We continued our longstanding partnership with The Bell Policy Center, a nonpartisan think tank committed to expanding opportunities, promoting economic self-sufficiency and supporting families. The Bell’s important research exposed systemic problems in the state’s fiscal process and the resulting impacts that undermine Colorado’s ability to meet the basic and critical needs of its citizens. In 2006, the Bell’s multi-year focus on the fiscal health of the state and exposing the flaws in TABOR (Tax Payers Bill of Rights) helped create the understanding and consensus that led to statewide policy change. Developing a reputable set of data about future fiscal conditions to define the challenges and educate the public will help create common ground for action and long term solutions that improve the lives of Colorado citizens.
There were unique one-time opportunities to support arts projects in 2006. These projects moved Colorado into the forefront of communities with enhanced opportunities for its citizens to enjoy the arts. We are proud to have been associated with this change.
In September, the much anticipated new Denver Art Museum’s Frederic C. Hamilton Building opened its doors in a whirlwind of activity, including preview events, the Grand Opening Gala and 36 hours of free public access. With additional gallery and event space, the Denver Art Museum will continue to inspire and captivate the next generation of artists and patrons. The Merle Chambers and Hugh Grant Gallery was named in recognition of a gift to support the museum’s expansion. The gallery is a lovely, intimate and welcoming space located on the third floor in the Modern and Contemporary Gallery adjacent to the outdoor Sculpture Deck.
Our support of performing arts was a beacon of hope at a critical time for Colorado Ballet. Chambers Family Fund joined two other donors to make a $450,000 challenge grant. The challenge succeeded in raising more than $1 million to encourage renewed community support, sustain the organization and allow Colorado Ballet to continue to provide quality performances for the enjoyment of Colorado audiences.
We supported several key advocacy and policy organizations that are preparing the field for more extensive systems change and wider opportunities for children. This funding was in partnership with other foundations and together we formed working relationships with four organizations working on ECE systems change – Qualistar, Colorado Children’s Campaign, Smart Start Colorado and the Colorado Early Childhood School Readiness Commission.
Many believe there is a window of opportunity to improve the early care and education of children in Colorado and guarantee long lasting impacts at the state and local levels. The state needs an early childhood system that is seamless, easily accessible and funded in a cohesive way. Chambers Family Fund partnered with Rose Community Foundation to fund a coordinated planning effort in the Lt. Governor’s office to identify early care and education systems change opportunities, convene key stakeholders and develop comprehensive recommendations and policies for children birth to age five.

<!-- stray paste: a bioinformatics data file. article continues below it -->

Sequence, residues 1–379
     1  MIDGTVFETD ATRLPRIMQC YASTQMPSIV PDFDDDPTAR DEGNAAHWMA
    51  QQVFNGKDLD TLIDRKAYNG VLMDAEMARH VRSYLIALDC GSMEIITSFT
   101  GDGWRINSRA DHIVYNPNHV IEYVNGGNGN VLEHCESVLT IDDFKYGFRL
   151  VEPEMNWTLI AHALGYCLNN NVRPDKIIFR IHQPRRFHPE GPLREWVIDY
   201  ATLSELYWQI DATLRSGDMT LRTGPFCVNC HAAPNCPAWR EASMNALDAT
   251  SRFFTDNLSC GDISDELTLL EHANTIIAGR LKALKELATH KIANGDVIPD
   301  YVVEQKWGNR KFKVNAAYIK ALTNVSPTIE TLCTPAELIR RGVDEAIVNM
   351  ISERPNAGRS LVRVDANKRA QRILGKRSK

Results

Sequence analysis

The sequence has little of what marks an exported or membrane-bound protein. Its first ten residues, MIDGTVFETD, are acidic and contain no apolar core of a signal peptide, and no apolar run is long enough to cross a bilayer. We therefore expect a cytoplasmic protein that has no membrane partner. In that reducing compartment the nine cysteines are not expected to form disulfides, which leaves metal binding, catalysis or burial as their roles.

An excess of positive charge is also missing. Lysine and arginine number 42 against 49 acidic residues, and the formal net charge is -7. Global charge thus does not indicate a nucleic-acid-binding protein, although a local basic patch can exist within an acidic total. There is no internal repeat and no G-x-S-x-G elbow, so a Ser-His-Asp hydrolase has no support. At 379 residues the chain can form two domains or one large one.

On September 12, 2006, at a ceremony on the Clayton campus, foundation board members, community leaders, Denver’s mayor and Clayton children and teachers celebrated the groundbreaking of a new state-of-the-art early learning center for children from birth to five years of age. Chambers Family Fund contributed the $2 million lead gift to build this new Clayton Educare Center that will open in October of 2007. With funding from other foundations, the Educare Center will be built and two historic buildings on the Clayton campus will be renovated to house teacher training and professional development programs.
Our support of the new Educare Center at Clayton led to further opportunities to improve early learning and promote policies that will build on the network of Educare Centers across the country. Along with philanthropists, advocates and providers from Illinois, Nebraska, Oklahoma, Kansas and Washington, Chambers Family Fund is a participant in the Bounce Learning Network and the Birth to Five Policy Alliance. These organizations serve as resources for stakeholders to strategically leverage policy and influence how every child should learn and to help strengthen partnerships and encourage collaboration. Network members are encouraged to share best practices, have open discussions of national and state opportunities, identify policy strategies for early childcare systems change and address the comprehensive needs of children from birth to age five.